“Compounding the difficulties for buyers is the rapidly increasing student loan and credit debt debacle that looms over the economy,” Waller says. “This will severely limit the purchasing ability for first-time home buyers and low to mid-income homebuyers.”

Full Article

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Seven Real Estate Trends to Watch For in 2015

Seven Real Estate Trends to Watch For in 2015

2014 marked the best year in economic recovery since the recession, according to the Bureau of Labor Statistics. This means that there may be more opportunities for home ownership in 2015. The economic improvement indicates that the housing market is expected to see gradual growth in home prices and inventory, however increasing mortgage rates and strict lending standards may still put home ownership on hold for some. Real estate experts share their 2015 housing market predictions below, and offer insight on the current market, where it’s headed, and how it will impact buyers and sellers in the coming year.

1) Strict lending standards and rising interest rates may prevent Millennial homebuyers.

Despite a steadily growing economy, mortgage qualifications aren’t expected to relax in the upcoming year. While interest rates hovered around 4% in 2014, chief economists at Freddie Mac anticipate rates to surpass 5% by the end of 2015 due to the rebounding economy. Millennials, aged 18 to 24, may struggle to qualify for traditional financing due to lack of established credit and down payment resources.

Bennie Waller, professor of finance and real estate at Longwood University, adds, “Compounding the difficulties for buyers is the rapidly increasing student loan and credit debt debacle that looms over the economy. This will severely limit the purchasing ability for first-time homebuyers and low to mid-income homebuyers.”

 

FULL ARTICLE

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Homeowner inspections

by; Bennie D. Waller, PhD

Homeowner inspections are incredibly important, however most states have very limited requirements as to what qualifies as a home inspector.

In Virginia, there are NO requirements. If you put forth yourself as a home inspector, then you are.  This is incredibly problematic if you are involved in a dual agency.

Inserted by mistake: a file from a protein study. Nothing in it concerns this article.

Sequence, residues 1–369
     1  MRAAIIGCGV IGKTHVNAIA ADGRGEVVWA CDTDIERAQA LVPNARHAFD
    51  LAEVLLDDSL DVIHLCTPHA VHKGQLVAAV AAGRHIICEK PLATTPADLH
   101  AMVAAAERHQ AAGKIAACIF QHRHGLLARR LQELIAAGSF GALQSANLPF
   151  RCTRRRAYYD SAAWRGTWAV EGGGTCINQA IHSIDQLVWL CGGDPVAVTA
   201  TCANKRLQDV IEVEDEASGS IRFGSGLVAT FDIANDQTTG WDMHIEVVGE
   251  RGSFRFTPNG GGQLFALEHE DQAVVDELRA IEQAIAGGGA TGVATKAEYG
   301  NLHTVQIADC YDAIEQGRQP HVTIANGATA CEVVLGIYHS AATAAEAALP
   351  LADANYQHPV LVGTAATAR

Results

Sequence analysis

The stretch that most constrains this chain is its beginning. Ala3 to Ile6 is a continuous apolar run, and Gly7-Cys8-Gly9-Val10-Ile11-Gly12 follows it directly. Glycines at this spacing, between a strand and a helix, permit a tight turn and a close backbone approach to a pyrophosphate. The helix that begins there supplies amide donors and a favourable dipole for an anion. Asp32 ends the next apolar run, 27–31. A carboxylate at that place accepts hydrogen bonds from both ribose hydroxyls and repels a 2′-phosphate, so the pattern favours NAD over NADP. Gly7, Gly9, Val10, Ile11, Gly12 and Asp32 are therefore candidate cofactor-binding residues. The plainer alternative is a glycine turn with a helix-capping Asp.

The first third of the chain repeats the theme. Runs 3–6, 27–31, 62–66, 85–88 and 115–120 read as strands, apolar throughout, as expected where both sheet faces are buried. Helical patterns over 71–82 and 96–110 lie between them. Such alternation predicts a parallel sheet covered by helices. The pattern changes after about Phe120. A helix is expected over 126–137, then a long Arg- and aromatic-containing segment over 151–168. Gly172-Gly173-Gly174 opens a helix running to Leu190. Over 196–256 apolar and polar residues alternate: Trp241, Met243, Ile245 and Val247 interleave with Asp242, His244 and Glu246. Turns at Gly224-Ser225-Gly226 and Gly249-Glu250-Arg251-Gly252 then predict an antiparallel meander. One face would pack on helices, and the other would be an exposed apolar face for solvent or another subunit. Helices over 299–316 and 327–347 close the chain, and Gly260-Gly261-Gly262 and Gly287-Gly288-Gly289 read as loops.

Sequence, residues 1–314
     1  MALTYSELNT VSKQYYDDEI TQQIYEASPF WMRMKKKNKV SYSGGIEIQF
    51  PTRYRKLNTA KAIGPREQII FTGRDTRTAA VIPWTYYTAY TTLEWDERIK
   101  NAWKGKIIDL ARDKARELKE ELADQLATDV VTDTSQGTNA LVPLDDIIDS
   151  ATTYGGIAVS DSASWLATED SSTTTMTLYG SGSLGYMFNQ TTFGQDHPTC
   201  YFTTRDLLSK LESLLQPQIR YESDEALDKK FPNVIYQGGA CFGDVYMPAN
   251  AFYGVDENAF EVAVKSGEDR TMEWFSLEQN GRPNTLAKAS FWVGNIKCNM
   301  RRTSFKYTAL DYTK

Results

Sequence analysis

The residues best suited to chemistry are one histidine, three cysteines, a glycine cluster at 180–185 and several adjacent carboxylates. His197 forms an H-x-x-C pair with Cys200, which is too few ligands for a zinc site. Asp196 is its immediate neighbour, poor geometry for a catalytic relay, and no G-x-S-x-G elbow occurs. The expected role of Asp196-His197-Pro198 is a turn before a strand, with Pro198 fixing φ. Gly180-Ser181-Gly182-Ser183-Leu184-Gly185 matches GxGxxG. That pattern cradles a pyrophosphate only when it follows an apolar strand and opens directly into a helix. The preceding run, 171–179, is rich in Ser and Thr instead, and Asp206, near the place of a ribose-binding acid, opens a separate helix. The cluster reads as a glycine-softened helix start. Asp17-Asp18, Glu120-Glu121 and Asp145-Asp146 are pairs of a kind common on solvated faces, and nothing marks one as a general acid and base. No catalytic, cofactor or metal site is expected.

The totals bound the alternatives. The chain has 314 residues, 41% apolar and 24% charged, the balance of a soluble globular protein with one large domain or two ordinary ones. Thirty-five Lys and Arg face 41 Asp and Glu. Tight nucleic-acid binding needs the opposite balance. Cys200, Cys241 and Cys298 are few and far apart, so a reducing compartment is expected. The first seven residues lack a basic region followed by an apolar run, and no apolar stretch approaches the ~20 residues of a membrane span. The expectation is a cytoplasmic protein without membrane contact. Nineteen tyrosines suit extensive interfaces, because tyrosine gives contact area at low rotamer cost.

If you are looking to buy a home in Virginia, please contact or visit the DPOR  website for a list of licensed (competent) home inspectors.

 

 

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Who really benefits from a real estate dual-agent?

Who really benefits from a real estate dual-agent?

by Ray Akers, columnist

Buying a home through the listing agent sets up a dual-agency situation. A dual-agency can occur with two agents when both are working for the same real estate brokerage. A dual-agency can also occur when a single agent represents the seller and the buyer, as in the scenario you suggest.

A potential buyer who isn’t working with a buyer’s agent may request the seller’s agent to prepare and submit a purchase offer on their behalf. The agent will act as a dual agent. For obvious reasons, this creates a conflict of interest.

Dual-agency requires the agent to treat both the buyer and the seller honestly and fairly. The dual agent must divide his or her loyalties between two parties with divergent interests — sort of like a divorce attorney representing both husband and wife in a divorce.

Some agents will tell you dual-agency is more efficient and effective. Having just one agent as point-of-contact can expedite a sale. Obviously, the real estate dual-agent has a lot to gain from the transaction: The seller typically pays 5 to 6 percent of the sale price as commission, which is split between the listing broker and selling broker. Clearly, some agents will be motivated to represent both sides of the transaction and earn the entire commission.

In a dual-agency scenario, there is a concern the agent might encourage the seller to accept a lower price for a home to get the double commission. From the buyer’s perspective, a dual-agent is not allowed to reveal the seller’s “bottom-line” price, so you will never know if you got the best price. The dual agent is placed in a precarious position, attempting to balance the interests of the buyer, the seller and their own interest in a transaction. It’s unlikely the interests of all three parties will converge. Frankly, it’s probably impossible.

What studies show

Many states allow dual-agency relationships, in which the agent represents and has a fiduciary duty to both the buyer and seller. Washington state allows dual-agency.